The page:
medical simulation

Trauma Team

First Hour Review

Trauma Team CoverClassifying video games into genres can be a tricky ordeal. For example, let's look at Fable. It's a role-playing game because it uses dynamic statistics as modifiers to its core mechanics, right? But one of the traditional indicators of an RPG video game is that it plays out with little regard to nuanced player input: its action is menu driven and often turn based. Fable's real-time combat, on the other hand, relies on player dexterity (as in an Action game) as much as it does the quantifications of the battle engine. So, in our propensity to create subgenres when things don't fit so neatly, we just call it an Action RPG. However, it's hard to be satisfied with this conclusion when one could replace every instance of "Fable" in this paragraph with "BioShock," "Mass Effect," or even "Star Ocean" and it would be no less true, even if all of these games feel completely different in once you get your hands on the controller.

Okay, so there's obviously a problem when so many games in the same genre are so dissimilar. But what about when a game comes along and has no precedent to compare to? Case in point, where the hell does the Trauma Center series belong?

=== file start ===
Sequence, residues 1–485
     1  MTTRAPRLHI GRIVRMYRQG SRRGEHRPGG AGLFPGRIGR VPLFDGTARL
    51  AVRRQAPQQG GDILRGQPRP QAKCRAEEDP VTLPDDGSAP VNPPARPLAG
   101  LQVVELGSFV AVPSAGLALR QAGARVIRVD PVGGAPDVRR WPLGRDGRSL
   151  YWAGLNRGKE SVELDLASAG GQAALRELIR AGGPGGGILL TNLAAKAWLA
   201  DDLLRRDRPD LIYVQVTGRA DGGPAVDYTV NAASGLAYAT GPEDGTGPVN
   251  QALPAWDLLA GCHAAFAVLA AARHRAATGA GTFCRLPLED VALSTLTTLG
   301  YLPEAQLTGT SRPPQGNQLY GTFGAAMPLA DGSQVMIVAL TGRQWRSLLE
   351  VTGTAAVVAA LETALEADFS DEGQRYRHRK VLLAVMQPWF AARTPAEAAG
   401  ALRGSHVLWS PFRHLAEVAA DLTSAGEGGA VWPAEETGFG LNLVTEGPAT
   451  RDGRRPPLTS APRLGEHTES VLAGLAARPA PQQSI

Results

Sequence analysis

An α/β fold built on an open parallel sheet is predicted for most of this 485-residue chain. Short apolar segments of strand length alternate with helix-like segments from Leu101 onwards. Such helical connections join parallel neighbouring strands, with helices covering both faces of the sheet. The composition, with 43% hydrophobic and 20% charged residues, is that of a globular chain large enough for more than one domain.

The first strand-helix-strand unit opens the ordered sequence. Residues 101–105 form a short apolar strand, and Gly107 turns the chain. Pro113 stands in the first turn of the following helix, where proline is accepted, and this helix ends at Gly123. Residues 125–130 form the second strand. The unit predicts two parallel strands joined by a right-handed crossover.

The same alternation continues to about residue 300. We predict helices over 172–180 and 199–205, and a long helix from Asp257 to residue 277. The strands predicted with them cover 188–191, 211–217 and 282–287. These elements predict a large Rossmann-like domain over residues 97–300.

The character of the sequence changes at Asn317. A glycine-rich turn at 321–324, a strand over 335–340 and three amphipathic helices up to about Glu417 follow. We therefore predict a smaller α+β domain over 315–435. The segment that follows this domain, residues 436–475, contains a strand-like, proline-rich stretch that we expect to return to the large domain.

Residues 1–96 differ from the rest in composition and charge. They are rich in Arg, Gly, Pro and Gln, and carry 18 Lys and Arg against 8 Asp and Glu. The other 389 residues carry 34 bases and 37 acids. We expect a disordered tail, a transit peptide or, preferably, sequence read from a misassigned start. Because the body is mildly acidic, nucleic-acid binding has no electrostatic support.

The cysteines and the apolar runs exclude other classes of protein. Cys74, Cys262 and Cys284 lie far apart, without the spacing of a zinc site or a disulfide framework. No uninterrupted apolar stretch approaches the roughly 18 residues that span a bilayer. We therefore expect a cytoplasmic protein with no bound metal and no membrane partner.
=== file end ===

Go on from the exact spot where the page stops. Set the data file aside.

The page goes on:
Trauma Center: Under the Knife arrived on the scene in the Nintendo DS launch window, requiring players to perform lightspeed surgeries using a variety of medical instruments through the handheld's touch screen. Ignoring the dearth of surgery games (or even touch screen games) to use as precedent, Trauma Center was still very tough to define. Can we really use the catchall Simulation genre for a game where heart surgery lasts all of a minute and Space Invaders can be found in the patient's lungs? Is it part visual novel merely because operations are bookended and pervaded by character portraits and dialogue? Not content to let us try and figure it out after four games, Atlus' fifth title in the franchise, Trauma Team, complicates things further by providing six different scenarios to play through, each with its own exploration within (and sometimes a bit outside) the traditional Trauma Center structure.

Okay, so I don't really know what to call it. A more important concern, though, is whether or not it's fun. So how did my first hour go with this...whatever it is?

 

Trauma Center: Under the Knife 2

Full Review

Trauma Center: Under the Knife 2 CoverTrauma Center: Under the Knife 2 is the direct sequel to one of my favorite Nintendo DS games Before I played the original Trauma Center, I had never understood the real appeal of the DS. That game, along with Kirby Canvas Curse, demonstrated what the system was really capable of and how much fun it could be. So when the sequel was released, I put it at the top of my list to play. I actually beat this game about two months ago, but things have been pretty busy so I haven't been able to write the review until now.

The Trauma Center series pits you as a highly skilled surgeon working for Caduceus, a well funded research facility. The games are highly linear, with tons of text, so if you're looking for a straight surgery simulator, you'll have to wade through a lot of cruft to get to it. If you can put up with much too serious characters in contrived situations, then you will be rewarded with excellent and difficult gameplay. Let's get to my review of Trauma Center 2.

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